EGU General Assembly 2020
© Author(s) 2020. This work is distributed under
the Creative Commons Attribution 4.0 License.

From Silos to FAIR Services: Interoperable application of geospatial data for longitudinal surveys in the Social Sciences.

Peter Löwe, Tobias Gebel, and Hans Walter Steinhauer
Peter Löwe et al.
  • German Institute for Economic Research (DIW Berlin), Berlin, Germany (

Due to the european INSPIRE directive to establish an infrastructure for spatial information in Europe, the number of national data sources in Europe which are open to the public or at least science continues to grow. 

However, challenges remain to enable easy access for society and science  to these previously unavailable data silos based on standardized web-services, as defined by the Open Geospatial Consortium (OGC). This is crucial to ensure sustainable data generation and reuse according to the FAIR principles (Findable, Accessible, Interoperable, Reusable). 

We report on an interdisciplinary application, using spatial data to improve longitudinal surveys in the social sciences, involving building plans encoded in CityGML, PostGIS, MapServer and R.

The Socio-economic Panel (SOEP) as part of the German Institute for Economic Research (DIW Berlin) provides longitudinal data on persons living in private households across Germany. Lately the SOEP sampled households in certain neighborhoods within cities, areas of the so called „Soziale Stadt“ (social town). Because of restricted area, spatially referenced data has been used. Information on the level of census tiles provided by the Federal Statistical Office was used to form regional clusters. 

Within these clusters addresses, spatially referenced by the German Federal Agency for Cartography and Geodesy (BKG), have been sampled. This way, we made sure addresses are within the neighborhoods to be surveyed. As this procedure turned out to reduce organizational burden for the survey research institute as well as for the interviewers and at the same time allows for generating random household samples, it is considered for future use. Yet, addresses can belong to residential buildings as well as cinemas or hotels.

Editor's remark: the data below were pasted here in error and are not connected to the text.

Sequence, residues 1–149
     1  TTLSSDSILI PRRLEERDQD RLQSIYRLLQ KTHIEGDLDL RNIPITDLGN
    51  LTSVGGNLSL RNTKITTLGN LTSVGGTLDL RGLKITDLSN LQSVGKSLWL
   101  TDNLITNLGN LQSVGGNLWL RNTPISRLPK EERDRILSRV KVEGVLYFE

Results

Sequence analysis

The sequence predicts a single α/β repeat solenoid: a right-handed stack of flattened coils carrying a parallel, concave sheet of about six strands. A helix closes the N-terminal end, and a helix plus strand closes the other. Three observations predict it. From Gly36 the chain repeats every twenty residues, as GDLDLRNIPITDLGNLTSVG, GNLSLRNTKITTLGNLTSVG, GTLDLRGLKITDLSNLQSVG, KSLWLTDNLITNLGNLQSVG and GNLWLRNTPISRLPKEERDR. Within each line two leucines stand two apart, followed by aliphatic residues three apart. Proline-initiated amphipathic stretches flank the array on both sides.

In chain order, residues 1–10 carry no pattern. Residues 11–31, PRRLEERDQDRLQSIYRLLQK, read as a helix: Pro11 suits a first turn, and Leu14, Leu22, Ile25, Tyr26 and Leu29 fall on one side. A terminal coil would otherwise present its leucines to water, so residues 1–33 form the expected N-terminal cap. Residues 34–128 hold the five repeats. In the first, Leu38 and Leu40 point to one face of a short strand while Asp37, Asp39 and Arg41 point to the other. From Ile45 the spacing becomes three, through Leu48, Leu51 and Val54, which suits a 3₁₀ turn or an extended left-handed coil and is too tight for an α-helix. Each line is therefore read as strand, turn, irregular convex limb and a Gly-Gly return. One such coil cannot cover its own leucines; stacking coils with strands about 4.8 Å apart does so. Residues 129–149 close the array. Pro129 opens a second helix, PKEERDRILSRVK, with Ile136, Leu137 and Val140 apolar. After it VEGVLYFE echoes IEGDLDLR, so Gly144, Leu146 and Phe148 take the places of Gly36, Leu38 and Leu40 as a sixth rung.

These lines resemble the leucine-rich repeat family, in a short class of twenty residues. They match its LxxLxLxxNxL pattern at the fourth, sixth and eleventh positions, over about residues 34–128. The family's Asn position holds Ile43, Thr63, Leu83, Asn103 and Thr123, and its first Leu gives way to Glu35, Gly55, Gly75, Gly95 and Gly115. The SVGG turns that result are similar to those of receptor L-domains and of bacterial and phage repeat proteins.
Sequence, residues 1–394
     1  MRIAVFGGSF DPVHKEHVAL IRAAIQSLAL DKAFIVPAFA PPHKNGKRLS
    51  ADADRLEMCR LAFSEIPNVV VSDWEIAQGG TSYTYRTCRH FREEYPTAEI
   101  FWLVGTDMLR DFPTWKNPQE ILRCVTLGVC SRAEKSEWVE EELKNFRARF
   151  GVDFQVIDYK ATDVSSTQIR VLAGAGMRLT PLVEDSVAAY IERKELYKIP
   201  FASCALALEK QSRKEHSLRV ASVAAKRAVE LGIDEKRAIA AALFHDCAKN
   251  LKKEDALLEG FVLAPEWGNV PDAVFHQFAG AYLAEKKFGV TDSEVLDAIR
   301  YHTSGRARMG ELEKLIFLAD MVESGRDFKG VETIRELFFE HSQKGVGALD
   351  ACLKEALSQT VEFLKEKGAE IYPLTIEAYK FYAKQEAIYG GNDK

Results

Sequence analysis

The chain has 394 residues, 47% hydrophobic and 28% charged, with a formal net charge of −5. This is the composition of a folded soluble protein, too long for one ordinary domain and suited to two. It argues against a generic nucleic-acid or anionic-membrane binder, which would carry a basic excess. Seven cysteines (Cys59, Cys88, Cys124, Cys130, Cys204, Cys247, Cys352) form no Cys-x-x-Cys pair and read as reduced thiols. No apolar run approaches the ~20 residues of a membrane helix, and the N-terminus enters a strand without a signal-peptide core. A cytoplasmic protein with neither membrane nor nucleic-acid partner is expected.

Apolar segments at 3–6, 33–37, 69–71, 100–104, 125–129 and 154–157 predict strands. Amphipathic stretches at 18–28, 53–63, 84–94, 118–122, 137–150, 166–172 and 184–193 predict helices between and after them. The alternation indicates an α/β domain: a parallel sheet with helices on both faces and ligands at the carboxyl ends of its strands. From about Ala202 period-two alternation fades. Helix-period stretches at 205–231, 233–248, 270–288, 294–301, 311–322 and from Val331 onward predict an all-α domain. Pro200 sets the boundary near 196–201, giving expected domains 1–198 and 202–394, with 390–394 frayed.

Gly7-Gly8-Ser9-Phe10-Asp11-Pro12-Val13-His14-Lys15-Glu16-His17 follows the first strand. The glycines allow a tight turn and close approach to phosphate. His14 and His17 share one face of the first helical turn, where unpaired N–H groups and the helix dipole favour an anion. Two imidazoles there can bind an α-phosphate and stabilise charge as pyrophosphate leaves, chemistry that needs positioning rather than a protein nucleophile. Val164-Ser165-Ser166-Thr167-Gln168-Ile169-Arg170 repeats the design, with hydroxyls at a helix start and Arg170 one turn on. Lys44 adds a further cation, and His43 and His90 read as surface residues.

To meet with this obstacle we evaluate the use of 3D Building Models provided by the German Federal Agency for Cartography and Geodesy (BKG).
This data is distributed as compressed data archives for the 16 states of Germany, each containing very large numbers of CityGML files containing  LoD1 data sets for buildings. The large storage footprint of these data sets makes their reuse by social scientists using standard  statistical software (such as R or Stata) on desktop computers difficult at best. This is overcome by providing flexible access to Areas of Interest (AOI) through OGC Webservices (WMS/WFS) based on a PostGIS database. The ingestion process is based on the new GMLAS driver of the ogr software project for Complex Features encoded in Geographic Markup Language (GML) based on application schemas.

How to cite: Löwe, P., Gebel, T., and Steinhauer, H. W.: From Silos to FAIR Services: Interoperable application of geospatial data for longitudinal surveys in the Social Sciences., EGU General Assembly 2020, Online, 4–8 May 2020, EGU2020-18956,, 2020


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  • CC1: CityGML import routines, Daniel Heydebreck, 05 May 2020

    Recently, I came into contact with the CityGML format. On the one hand, the format is great because it is open, machine- and human-readable (theoretically, at least) and documented. On the other hand, one needs software/drivers to read the data properly. The issues mentioned in the presentation were those, which I also expected when I got briefly familiar with this format.

    I am not very familiar with GDAL (just used it for a few conversions in the past): Can the gdal ingdest function/driver be used to convert CityGML data in an arbitrary output file format -- e.g. netCDF?

    • AC1: Reply to CC1, Peter Löwe, 05 May 2020

      Hello CC1,

      conversion to NetCDF should work, as drivers for both formats are available for gdal/ogr:

      This article helped us to understand how the GMLAS-driver can be used:


      • CC2: Reply to AC1, Daniel Heydebreck, 05 May 2020

        Thanks, Peter, for the quick reply. Unfortunately, the URL to the article got lost in your reply.

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